What is the current state of the oil industry and the geoscientist's place in it? According to the recent Cambridge Energy Research Associates conference, CERAweek, the industry faces an uncertain future. Venezuelan market dislocations and Iraqi tensions are keeping crude oil prices high, allowing the oil companies to freshen their balance sheets and produce a return for their shareholders. There is plenty of oil available to meet the world's needs with one caveat: reserve levels and quick accessibility are diminishing.
Long-term oil supply is the looming problem. Presently, the world economy is using 76-78 MMb/d of crude oil. This demand is expected to increase to 90-110 MMb/d over the next 20 years. When added to the 1.6 Bbbl/yr that must be replaced due to depletion, the industry faces a major challenge.
Natural gas demand is project to grow from 90 tcf/d to 135 tcf/d over the next 20 years. Gas sources are plentiful, but infrastructure will need to expand. Large reserves exist in Russia and the Middle East, but major investments in pipelines and LNG are needed to bring them to market.
Where does the geoscientist fit in this scenario? New reserves must be found, new fields developed, and mature fields redeveloped. A 30% recovery factor from older fields is inadequate with the world's expanding energy needs.
Geoscientists' productivity has im-proved through computer-assisted pros-pecting. But, this has reached the limit of its current ability to deliver "quality" prospects: major reserves at a finding cost of under $1/bbl or a hurdle rate of $12-15/bbl. The industry needs to rebuild the professional ranks, transfer oil-finding knowledge, reach farther into new areas, and adjust hurtle rates upward to meet the world's future demand.
Meanwhile, alternative sources are being studied. New research to manufacture fuels, using genetically engineered microbes producing hydrogen or methane, is in the very early stages, but hydrogen/methane generation cannot meet the world's demand in the next 10-20 years. Only new petroleum sources can meet that demand, and only geoscientists can locate the needed reserves.
Industry's newest tools
The daunting task ahead of geoscientists – demand expanding to 110 MMb/d and 135 tcf/d with depletion replacement needs of 1.6 Bbbl/yr – cries for attention. More people and better tools are needed to address the challenge. Training a new geoscientist requires eight to 10 years, and new technologies take at least that long to develop. Fortunately, the industry has been steadier with its tool investments than it has with its people.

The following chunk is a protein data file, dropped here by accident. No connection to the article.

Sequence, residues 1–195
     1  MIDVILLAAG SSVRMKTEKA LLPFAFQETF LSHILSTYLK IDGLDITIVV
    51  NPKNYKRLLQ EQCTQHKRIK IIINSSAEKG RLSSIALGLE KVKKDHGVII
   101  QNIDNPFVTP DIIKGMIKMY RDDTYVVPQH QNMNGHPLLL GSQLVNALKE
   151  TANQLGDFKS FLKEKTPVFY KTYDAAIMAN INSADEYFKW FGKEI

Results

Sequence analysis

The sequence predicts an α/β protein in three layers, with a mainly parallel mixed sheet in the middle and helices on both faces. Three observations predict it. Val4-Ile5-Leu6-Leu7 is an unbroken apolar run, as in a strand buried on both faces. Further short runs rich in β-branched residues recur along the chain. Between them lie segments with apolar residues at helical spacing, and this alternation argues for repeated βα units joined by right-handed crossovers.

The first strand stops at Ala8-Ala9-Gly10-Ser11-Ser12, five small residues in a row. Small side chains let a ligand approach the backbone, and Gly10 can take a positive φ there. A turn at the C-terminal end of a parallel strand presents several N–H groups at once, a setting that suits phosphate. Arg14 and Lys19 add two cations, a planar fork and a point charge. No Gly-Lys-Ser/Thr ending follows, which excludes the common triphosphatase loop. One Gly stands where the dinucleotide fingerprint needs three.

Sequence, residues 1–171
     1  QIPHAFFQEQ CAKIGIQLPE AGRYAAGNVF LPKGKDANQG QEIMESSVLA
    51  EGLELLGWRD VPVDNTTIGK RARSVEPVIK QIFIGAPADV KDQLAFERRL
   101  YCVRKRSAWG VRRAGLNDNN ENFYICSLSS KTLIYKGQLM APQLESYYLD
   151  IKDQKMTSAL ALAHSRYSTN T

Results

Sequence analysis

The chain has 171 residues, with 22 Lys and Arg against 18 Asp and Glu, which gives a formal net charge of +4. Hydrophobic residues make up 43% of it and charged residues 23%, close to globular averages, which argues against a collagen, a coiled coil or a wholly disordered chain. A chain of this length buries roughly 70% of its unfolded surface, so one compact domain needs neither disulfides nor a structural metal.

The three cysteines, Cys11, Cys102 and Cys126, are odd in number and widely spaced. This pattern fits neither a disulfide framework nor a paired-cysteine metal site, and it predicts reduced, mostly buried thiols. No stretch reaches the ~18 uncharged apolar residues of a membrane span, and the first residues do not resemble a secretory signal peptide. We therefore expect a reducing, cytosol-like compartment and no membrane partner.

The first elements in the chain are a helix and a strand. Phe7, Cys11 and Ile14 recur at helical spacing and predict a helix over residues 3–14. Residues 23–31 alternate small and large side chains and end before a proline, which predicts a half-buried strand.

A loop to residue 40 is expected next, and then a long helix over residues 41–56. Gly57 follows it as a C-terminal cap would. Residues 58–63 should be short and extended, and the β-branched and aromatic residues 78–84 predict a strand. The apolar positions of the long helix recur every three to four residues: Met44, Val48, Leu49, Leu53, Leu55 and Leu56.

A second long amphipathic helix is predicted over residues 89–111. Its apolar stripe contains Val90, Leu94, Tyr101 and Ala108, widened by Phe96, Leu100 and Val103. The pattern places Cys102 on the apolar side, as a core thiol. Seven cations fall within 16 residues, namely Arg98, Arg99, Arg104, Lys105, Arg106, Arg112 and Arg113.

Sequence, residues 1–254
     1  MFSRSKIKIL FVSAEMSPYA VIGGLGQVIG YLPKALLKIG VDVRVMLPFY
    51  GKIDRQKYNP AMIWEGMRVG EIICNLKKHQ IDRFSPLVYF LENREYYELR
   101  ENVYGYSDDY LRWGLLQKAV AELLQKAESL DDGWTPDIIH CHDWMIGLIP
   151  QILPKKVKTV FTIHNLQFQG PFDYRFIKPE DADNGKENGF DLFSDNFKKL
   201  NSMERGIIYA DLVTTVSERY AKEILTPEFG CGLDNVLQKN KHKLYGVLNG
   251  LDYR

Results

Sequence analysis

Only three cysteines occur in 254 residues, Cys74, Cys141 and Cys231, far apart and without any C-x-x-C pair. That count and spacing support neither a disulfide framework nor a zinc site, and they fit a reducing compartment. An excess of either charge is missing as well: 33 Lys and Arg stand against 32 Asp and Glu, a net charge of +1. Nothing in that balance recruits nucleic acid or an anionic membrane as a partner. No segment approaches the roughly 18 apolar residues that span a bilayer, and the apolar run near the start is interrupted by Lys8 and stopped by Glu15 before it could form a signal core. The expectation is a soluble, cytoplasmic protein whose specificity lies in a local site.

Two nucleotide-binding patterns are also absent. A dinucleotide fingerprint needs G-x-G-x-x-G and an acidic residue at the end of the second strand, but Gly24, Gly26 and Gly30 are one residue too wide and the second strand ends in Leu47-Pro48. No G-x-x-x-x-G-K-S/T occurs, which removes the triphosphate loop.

The state-of the-art was examined at the recent 2003 Multi-Component Symposium sponsored by Veritas DGC and Input/Output. Multi-component seismic (4C), new processing techniques, and enhanced interpretation software to tease more detail from older fields are now available to meet the challenge.
Multi-component systems are now ready to implement the next advance in marine seismic. This cut-away of the I/O VectorSeis ocean bottom sensor shows the internal damping members that isolate the sensor case (finned box) from the towing cable.
Extracting the remaining oil in older fields requires more discrete information than that needed for discovery. Seismic acquisition ex-panded from 2D to 3D, increasing the interpreter's information by an order of magnitude. The move to 3D/4C will expand that by at least two additional orders of magnitude due to nine-component data vectors plus the pressure vector.
The key to interpretation is the linking of pressure (P) and shear (S) wave data. New software developed by Hampton-Russell, supported by an industry consortium, ties these data sets to derive S-wave velocities. This combination creates a host of new interpretation possibilities. Multi-component data is readily able to:
- Interpret through gas clouds
- Define salt domes and subsalt plays
- Image low contrast "P-wave transparent" reservoirs
- Validate amplitude versus offset indicators
- Predict lithologic "sweet spots"
- Improve shallow zone resolution
- Identify fracture orientation and density.
High-resolution aero magnetic data has been used to map basement structure and salt diapers and is a valuable tool for deep gas and sub-salt plays. Fugro Airborne Surveys recently acquired a high-resolution aero magnetic survey over a large portion of the Louisiana shelf in the Gulf of Mexico.
Fugro collected a high-resolution aero magnetic survey in the Gulf of Mexico for basement structure, salt diaper, and sub-salt mapping.
The data was acquired on a 0.5 mi x 1 mi grid at a survey altitude of 500 ft to compliment Fugro's existing data on the shelf, slope, and deepwater portions of the Gulf. Approximately 30,000 line mi of magnetic profile is now available.
Compagnie Générale de Géophysique opened a regional computing hub at CGGAP in Kuala Lumpur, Malaysia. The new hub will provide the data processing power for both the Kuala Lumpur (CGGAP) and Perth (CGG Australia Pty Ltd.) data processing centers using Linux PC clusters with the latest release of CGG's Geocluster seismic data processing package.
The hub follows the same model used in the CGG Group's London and Houston regional centers: huge Linux PC clusters and fast links to the data processing centers. PC clusters will produce 3D Kirchhoff pre-stack time and depth migration on a routine basis.
Fakespace Systems and Xi Graphics released a new software driver that enables stereo-scopic immersive environments to run on Linux. Fakespace visualization systems that incorporate digital projection technology can now run Linux-based applications using off-the-shelf graphics cards.
The driver is based on an open text customization solution using XiG's Accelerated-X driver software. Any stereoscopic-capable Linux application with supported Linux-based graphics cards can be used to display both active and passive stereo modes with digital projection technology.